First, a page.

SEATTLE — Byrd is a Portland native who goes by one name, and she is on one mission. She is working to help her community survive the next heat wave because she says the death toll from the last one is so devastating.
“They said the number was 116. I said you got to be kidding me. So, from then on, I was tuned all the way in,” said Byrd.
She began taking matters into her own hands, coordinating with community members to collect air conditioners and fans.
"We were able to help get fans and air conditioners to about 200 people,” said Byrd.
She wanted to do something after what happened in late June. Punishing heat in the Pacific Northwest sent thousands of people to emergency rooms, and between Washington and Oregon there were hundreds of deaths.
“You seriously could start in east county and drive your way through Portland in the southwest and feel the difference in temperatures,” said Byrd.
A recent study examining heat exposure in urban areas across the country found extreme heat can be more dangerous depending on your zip code. Places with less tree canopy, more pavement, and large buildings retain heat, creating urban heat islands as you find in Portland’s Albina area. That’s where Byrd's family has roots.
"It is a layered issue that did not have to happen,” she said.
Part of that layered issue involves redlining. Redlining is illegal today, but in the 1930s and for the several decades that followed it was a common discriminatory practice of disinvestment with lenders being discouraged from issuing mortgages in certain neighborhoods. In Portland and many other cities including Seattle, banks used a map to highlight what they considered the city's "best" areas in green and "hazardous" areas in red. Albina, with a large black population at the time, was formerly redlined with the hazard being listed as "racial."
Back then, there were also restrictions on where communities of color could live because of covenants.
Kayin Talton Davis works for a nonprofit called Albina Vision Trust. She said that covenants would say things like “no Negro, no Mexicans, no Japanese could buy a home.”
Talton Davis and her husband Cleo are artists who live in Albina. They say over the years a community was built, but racist housing policies of the past combined with construction projects that demolished homes led to more pavement and fewer parks, making Lower Albina one of the places that are disproportionately warmer today.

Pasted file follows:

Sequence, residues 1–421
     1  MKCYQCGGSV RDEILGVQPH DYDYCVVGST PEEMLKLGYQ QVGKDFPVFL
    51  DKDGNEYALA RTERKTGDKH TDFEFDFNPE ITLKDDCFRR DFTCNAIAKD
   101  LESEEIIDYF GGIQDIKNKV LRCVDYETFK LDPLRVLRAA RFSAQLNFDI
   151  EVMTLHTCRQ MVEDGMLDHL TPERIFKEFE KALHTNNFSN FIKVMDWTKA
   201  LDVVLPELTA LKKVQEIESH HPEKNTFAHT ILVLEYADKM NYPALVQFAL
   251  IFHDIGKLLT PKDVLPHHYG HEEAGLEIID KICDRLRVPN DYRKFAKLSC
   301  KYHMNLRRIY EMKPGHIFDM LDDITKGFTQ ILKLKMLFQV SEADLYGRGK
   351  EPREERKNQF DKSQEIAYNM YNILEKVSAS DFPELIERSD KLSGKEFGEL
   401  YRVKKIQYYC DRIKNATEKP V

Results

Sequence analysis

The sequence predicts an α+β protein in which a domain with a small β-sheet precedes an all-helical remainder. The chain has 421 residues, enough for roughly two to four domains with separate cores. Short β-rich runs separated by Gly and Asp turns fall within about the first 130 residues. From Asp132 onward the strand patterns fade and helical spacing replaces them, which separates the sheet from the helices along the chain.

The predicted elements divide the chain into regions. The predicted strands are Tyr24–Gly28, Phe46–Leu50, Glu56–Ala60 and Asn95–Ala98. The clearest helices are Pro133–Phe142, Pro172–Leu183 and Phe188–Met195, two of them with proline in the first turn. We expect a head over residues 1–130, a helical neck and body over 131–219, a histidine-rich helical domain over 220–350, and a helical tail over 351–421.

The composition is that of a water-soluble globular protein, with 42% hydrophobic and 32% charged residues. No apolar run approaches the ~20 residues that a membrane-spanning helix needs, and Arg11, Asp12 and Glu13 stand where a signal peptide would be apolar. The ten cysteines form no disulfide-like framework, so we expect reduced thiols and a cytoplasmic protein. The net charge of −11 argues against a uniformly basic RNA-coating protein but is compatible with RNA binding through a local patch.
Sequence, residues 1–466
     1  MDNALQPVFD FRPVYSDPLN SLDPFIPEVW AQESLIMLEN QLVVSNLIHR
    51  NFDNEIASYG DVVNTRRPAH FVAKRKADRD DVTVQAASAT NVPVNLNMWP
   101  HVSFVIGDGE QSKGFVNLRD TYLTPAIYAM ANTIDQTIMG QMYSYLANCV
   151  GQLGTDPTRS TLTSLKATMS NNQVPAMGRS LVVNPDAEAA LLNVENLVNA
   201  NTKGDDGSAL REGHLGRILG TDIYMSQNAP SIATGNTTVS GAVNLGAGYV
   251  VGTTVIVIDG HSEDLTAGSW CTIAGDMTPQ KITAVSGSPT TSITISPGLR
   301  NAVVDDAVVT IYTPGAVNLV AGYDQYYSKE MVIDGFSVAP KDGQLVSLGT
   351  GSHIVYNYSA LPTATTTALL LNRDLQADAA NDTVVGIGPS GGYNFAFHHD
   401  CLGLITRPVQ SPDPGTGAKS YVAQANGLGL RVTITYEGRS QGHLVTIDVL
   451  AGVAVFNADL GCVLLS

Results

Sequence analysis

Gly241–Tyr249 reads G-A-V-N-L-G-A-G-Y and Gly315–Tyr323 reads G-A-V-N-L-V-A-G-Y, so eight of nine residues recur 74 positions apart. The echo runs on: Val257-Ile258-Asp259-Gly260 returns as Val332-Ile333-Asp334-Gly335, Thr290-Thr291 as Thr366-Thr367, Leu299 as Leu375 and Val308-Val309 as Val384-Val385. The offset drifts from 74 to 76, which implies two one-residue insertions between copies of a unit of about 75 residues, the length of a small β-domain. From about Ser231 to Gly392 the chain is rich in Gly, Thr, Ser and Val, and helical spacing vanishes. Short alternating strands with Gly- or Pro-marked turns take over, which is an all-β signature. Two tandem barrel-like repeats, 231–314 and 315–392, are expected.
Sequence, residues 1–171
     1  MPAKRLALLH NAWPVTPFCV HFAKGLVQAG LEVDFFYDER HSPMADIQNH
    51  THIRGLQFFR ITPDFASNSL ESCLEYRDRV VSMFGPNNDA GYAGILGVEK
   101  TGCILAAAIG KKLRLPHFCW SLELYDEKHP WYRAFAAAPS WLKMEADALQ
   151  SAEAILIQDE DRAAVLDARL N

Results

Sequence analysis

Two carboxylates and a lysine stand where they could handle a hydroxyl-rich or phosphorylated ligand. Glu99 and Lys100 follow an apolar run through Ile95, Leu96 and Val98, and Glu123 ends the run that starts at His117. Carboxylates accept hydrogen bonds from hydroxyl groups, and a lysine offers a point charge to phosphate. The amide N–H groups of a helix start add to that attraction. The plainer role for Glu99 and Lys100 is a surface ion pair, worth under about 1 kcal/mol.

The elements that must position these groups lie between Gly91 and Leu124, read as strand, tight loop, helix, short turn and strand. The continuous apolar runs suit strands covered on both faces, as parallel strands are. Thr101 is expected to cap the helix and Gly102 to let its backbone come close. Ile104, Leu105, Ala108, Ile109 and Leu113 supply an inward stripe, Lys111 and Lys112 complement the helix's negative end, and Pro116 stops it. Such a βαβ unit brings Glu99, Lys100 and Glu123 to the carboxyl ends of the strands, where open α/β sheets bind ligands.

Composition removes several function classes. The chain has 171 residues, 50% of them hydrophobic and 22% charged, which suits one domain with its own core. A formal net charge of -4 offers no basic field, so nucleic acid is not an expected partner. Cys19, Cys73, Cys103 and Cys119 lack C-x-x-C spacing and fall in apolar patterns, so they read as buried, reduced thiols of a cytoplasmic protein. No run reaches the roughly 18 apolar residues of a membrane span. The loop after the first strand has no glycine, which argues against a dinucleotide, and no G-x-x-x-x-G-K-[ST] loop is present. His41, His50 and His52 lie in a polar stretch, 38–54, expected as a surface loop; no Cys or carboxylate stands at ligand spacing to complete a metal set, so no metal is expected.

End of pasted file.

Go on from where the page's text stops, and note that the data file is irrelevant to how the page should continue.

"Between the 1950s and 60s is when the Oregon Department of Transportation began running highways, I-5 through the neighborhood,” Cleo Davis said. “Just ran a trench right through our neighborhood."
"Right now, Lower Albina is mostly concrete, and concrete definitely holds more heat," said Talton Davis.
There are studies tracking neighborhood temperatures in Portland and King County. A year ago, Lara Whitely Binder, King County's Climate Preparedness program manager, was part of a heat mapping project. On a July day, drivers set out on 15 pre-determined routes at the same time, collecting temperature data.
Places like north Seattle was cooler than south Seattle, especially near the interstate in south Seattle. It also was hotter along the Renton, Kent, and Auburn corridor, all places where there are larger populations of communities of color. Across the county, at the same point in time, there was a nearly 24-degree temperature difference.
"We were expecting to see the urban heat island effect. I think we were surprised at how high the temperature difference was,” said Whitely Binder.
When temperatures hit triple digits in June, Whitely Binder was closely monitoring the heat.
"As the event set up, it was sobering,” Whitely Binder said. “We broke our records in multiple ways."
Dinah Wilson, the Senior Community Development Block grant coordinator for the City of Kent, said the city worked to advertise cooling centers as a way to escape the heat, especially because a lot of people in the region don’t have air conditioning.
“I was worrying about people who might not have the capacity to respond to the heatwave. We know that people who are disproportionately impacted by heat waves are more vulnerable. They often have underlying health care conditions. They don't have the capacity that someone with means might have to respond to the impacts from extreme heat,” Wilson said.
"Every time I think about it, people died because they were hot in their homes," Byrd said. "It makes no sense to me."
"What we do know, there's going to be another heat wave,” she said. "You have some of the folks who have been the most targeted, you know, living in an area where you can't even get relief from heat. It is very sad."
That's why Byrd continues to collect air conditioners and fans for anyone in need.
"That's what it is all about. I cannot read another report that a person died because of heat. That's crazy,” Byrd said.